The brief description of the prior section is fairly standard for scripting languages, and is usually all that most Python programmers need to know. You type code into text files, and run those files through the interpreter. Under the hood, though, a bit more happens when you tell Python to “go.” Although knowledge of Python internals is not strictly required for Python programming, a basic understanding of the runtime structure of Python can help you grasp the bigger picture of program execution.

When you instruct Python to run your script, there are a few steps that Python carries out before your code actually starts crunching away. Specifically, it’s first compiled to something called byte code, and then routed to something called a virtual machine.

Byte code compilation

Internally, and almost completely hidden from you, Python first compiles your source code (the statements in your file) into a format known as byte code. Compilation is simply a translation step, and byte code is a lower-level, and platform-independent, representation of your source code. Roughly, each of your source statements is translated into a group of byte code instructions. This byte code translation is performed to speed execution—byte code can be run much quicker than the original source code statements.

You’ll notice the prior paragraph said that this is almost completely hidden from you. If the Python process has write-access on your machine, it will store the byte code of your program in files that end with a .pyc extension (“.pyc” means compiled “.py” source). You will see these files show up on your computer after you’ve run a few programs. Python saves byte code like this as a startup speed optimization. The next time you run your program, Python will load the .pyc and skip the compilation step, as long as you haven’t changed your source code since the byte code was saved. Python automatically checks the time stamps of source and byte code files to know when it must recompile.

If Python cannot write the byte code files to your machine, your program still works—the byte code is generated in memory and simply discarded on program exit.* However, because .pyc files speed startup time, you’ll want to make sure they are written for larger programs. Byte code files are also one way to ship Python pro-grams—Python is happy to run a program if all it can find are .pyc files, even if the original .py source files are absent. (See the section “Frozen Binaries” later in this chapter for another shipping option.)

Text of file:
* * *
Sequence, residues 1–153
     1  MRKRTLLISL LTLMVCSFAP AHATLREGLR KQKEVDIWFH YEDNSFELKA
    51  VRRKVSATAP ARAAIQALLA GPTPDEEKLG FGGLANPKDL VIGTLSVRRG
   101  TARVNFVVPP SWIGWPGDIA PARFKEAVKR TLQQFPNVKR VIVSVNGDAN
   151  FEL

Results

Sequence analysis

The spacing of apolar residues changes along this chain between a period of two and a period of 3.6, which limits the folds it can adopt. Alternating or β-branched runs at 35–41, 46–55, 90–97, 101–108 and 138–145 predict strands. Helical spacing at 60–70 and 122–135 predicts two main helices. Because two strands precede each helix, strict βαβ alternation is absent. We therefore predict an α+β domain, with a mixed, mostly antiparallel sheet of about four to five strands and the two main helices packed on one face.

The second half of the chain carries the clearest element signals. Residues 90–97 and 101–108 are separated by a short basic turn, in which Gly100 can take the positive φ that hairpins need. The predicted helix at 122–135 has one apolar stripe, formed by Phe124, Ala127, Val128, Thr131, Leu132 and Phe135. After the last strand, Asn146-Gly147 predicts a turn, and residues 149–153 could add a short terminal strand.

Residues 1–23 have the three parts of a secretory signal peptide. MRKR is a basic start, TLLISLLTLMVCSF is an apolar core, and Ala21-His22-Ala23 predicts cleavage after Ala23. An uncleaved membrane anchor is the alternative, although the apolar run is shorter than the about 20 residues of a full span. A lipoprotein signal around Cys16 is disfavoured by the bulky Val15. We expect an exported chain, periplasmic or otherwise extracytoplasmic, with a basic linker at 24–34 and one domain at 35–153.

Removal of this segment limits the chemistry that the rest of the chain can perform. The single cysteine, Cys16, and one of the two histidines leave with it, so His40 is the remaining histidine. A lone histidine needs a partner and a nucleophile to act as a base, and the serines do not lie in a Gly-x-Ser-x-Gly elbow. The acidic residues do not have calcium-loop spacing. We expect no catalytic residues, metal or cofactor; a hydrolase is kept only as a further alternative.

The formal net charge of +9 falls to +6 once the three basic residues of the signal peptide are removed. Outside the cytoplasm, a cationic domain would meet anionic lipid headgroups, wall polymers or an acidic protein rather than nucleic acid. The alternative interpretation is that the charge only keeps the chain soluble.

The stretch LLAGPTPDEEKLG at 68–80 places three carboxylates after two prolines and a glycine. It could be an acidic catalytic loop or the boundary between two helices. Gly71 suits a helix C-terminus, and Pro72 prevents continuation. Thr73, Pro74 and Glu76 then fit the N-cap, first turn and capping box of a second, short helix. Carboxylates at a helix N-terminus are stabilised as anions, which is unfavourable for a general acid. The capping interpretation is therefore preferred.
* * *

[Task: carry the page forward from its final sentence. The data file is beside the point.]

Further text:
* And strictly speaking, byte code is saved only for files that are imported, not for the top-level file of a program. We’ll explore imports in Chapter 3, and again in Part V. Byte code is also never saved for code typed at the interactive prompt, which is described in Chapter 3.

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{mospagebreak title=Python Virtual Machine (PVM)}

Once your program has been compiled to byte code (or the byte code has been loaded from .pyc files), it is shipped off for execution to something generally known as the Python Virtual Machine (PVM, for the more acronym-inclined among you). The PVM sounds more impressive than it is; really, it’s just a big loop that iterates through your byte code instructions, one by one, to carry out their operations. The PVM is the runtime engine of Python; it’s always present as part of the Python system, and is the component that truly runs your scripts. Technically, it’s just the last step of what is called the Python interpreter.

Figure 2-2 illustrates the runtime structure described. Keep in mind that all of this complexity is deliberately hidden to Python programmers. Byte code compilation is automatic, and the PVM is just part of the Python system that you have installed on your machine. Again, programmers simply code and run file your machine. Again, programmers simply code and run file of statements.


Figure 2-2. Runtime execution model

Performance implications

Readers with a background in fully compiled languages such as C and C++ might notice a few differences in the Python model. For one thing, there is usually no build or “make” step in Python work: code runs immediately after it is written. For another, Python byte code is not binary machine code (e.g., instructions for an Intel chip). Byte code is a Python-specific representation.

This is why some Python code may not run as fast as C or C++, as described in Chapter 1—the PVM loop, not the CPU chip, still must interpret the byte code, and byte code instructions require more work than CPU instructions. On the other hand, unlike classic interpreters, there is still a compile step internally—Python does not need to reanalyze and reparse each source statement repeatedly. The net effect is that pure Python code runs somewhere between a traditional compiled language, and a traditional interpreted language. See Chapter 1 for more on Python performance.

Development implications

Another ramification of Python’s execution model is that there is really no distinction between the development and execution environments. That is, the systems that compile and execute your source code are really one in the same. This similarity may have a bit more significance to readers with a background in traditional compiled languages; but in Python, the compiler is always present at runtime, and is part of the system that runs programs.